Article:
Monday, April 4, 2011

Avoiding Heresies - Gnosticism

We're in our penultimate week for the heresies class, and this week's topic is Gnosticism. One of the oldest "heresies," Gnosticism actually predates Christianity. Although there are many different "schools" of Gnosticism, some central beliefs are common to most, and many of those principles find their roots in Greek philosophy.

Basically, Gnostics believe that there are two types of existence--material and spiritual--and that the latter is to be preferred to the former. As humans, we are called to detach ourselves from the material world and seek union with the spiritual as the material world is somewhere between "an obstruction to the realization of our calling as human beings"  and downright evil (Bergquist).

When Christianity came along, to many Gnostics it sounded surprisingly familiar: God descended from heaven to earth, we strive to ascend with Jesus into heaven, we are called to let go of our attachment to material things and live simply for the sake of the kingdom. To them, Jesus represented the "supreme Gnositc master," who showed humanity how to escape this physical existence in favor of union with God in heaven. And, to our modern ears, all that sounds both vaguely Christian though definitely Gnostic.

So why is Gnosticism bad? Where did it go wrong? Why were the Gnostic gospels banned as heretical texts? And why is there such a renewed interest in those texts today? Well, to put it plainly, Gnosticism, by de-emphasizing the physical world, 1) undermines the beauty/goodness of creation, 2) undermines the importance of the incarnation, and 3) leaves no room for the redemption of the created order. Instead, it prefers to escape this material world in favor of a purely spiritual realm. And that's heresy. We can't exist without our bodies. We're not just "spirits" or "souls" trapped inside a body. We are human beings--body and soul, inseparably united. Gnosticism isn't salvation; it's escapism.

But that's an easy trap for us to fall in. Sometimes this physical life doesn't seem all that good (cancer, drunk driving, tsunami, etc.), and sometimes this physical realm is the only thing that seems to be separating us from God. Sometimes it seems like Jesus is telling us to leave this world behind. Sometimes it feels like there's a spark of divinity hidden within each of us, and that, if we only get back in touch with it, we'll be in better shape. But all of that denies the beauty (though brokenness) of creation. Each of us is a beautiful part of God's world made in God's image--beautiful enough for God to become one of us (incarnation) in order to redeem and transform us (without destroying that which makes us human/physical). So, just say no! to Gnosticism.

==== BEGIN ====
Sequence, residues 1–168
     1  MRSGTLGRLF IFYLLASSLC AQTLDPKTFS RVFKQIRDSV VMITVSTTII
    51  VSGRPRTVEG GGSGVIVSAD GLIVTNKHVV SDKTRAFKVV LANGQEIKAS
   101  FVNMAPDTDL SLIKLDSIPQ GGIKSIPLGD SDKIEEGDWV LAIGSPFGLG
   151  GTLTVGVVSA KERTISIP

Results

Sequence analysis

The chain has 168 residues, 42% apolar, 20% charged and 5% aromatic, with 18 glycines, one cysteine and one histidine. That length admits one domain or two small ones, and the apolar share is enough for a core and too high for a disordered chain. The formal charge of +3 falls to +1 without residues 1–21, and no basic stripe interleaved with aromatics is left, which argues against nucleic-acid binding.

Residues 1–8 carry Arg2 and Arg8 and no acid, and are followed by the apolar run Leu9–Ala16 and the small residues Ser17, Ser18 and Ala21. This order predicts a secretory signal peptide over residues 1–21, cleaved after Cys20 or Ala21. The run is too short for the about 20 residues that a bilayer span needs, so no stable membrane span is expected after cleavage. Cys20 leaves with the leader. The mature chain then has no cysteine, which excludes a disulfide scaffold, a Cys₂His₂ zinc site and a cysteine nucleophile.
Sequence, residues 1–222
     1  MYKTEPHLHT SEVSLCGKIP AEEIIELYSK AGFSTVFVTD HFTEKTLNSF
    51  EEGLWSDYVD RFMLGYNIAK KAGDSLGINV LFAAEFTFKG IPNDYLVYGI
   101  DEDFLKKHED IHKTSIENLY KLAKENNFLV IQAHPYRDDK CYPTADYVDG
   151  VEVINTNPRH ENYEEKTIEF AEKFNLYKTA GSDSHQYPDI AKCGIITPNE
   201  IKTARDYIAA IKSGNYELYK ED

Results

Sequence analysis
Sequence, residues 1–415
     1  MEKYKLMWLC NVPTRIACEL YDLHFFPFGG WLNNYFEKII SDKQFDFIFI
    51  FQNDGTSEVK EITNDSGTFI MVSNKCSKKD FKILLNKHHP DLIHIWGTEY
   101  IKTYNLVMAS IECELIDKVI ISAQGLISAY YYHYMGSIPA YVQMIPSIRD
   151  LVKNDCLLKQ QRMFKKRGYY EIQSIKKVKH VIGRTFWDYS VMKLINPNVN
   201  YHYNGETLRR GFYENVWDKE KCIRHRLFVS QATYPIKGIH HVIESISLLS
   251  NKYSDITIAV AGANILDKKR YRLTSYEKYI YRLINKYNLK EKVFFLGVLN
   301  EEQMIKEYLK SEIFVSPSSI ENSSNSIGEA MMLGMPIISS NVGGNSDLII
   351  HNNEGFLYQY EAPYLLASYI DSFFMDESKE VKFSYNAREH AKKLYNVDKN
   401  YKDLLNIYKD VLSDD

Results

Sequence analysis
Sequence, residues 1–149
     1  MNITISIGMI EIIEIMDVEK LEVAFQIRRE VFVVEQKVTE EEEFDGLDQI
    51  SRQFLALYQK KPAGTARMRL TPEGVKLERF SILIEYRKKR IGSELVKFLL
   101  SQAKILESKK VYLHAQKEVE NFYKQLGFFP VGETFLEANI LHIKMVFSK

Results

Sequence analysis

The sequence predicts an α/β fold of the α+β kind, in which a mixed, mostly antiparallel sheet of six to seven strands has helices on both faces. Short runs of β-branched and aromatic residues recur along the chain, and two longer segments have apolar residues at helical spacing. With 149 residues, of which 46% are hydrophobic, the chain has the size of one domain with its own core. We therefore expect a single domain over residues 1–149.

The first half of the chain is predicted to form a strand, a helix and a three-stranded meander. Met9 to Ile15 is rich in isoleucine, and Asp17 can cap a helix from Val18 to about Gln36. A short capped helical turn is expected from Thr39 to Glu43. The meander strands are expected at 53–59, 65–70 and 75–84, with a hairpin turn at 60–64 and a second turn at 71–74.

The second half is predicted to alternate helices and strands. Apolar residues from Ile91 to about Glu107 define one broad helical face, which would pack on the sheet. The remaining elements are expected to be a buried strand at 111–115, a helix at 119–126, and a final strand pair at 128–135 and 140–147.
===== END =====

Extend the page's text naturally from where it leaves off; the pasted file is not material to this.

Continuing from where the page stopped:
Here's a video on the subject from the Rt. Rev. N. T. Wright, who was the most recent bishop of Durham before retiring to become a research professor in New Testament and Early Christianity at St. Andrews University in Scotland. He does a good job of explaining why Gnosticism is back.

And here's a copy of this week's slide show. It includes the scripture lessons--even some Gnostic references. If you have questions or comments, please leave them.


  1. Thought the Bishop's video comments summarized the appeal of gnosticisim very well. Not exactly sure where he was going with the swipe at America and the organized church at the 5:36 point . . .

  2. Yeah, John. A little dig at our lack of an established church--certainly undeserved. We do prefer to avoid established religion, but not all of us Americans like a separation of church and state because, as NT Wright put it, we misunderstand what establishment really is. Perhaps a loyal subject of her majesty's crown isn't in a very good place to appreciate why disestablishment is so appealing.

    Actually, the CofE is fairly regularly threatened by those wanting to disestablish the church, and, given a recent UK legislative movement to remove the church's current exception from discriminatory legislation, those like NT Wright who firmly support establishment are feeling particularly under attack.

    Good comment, though. He's good at making ancient theology relevant for today.


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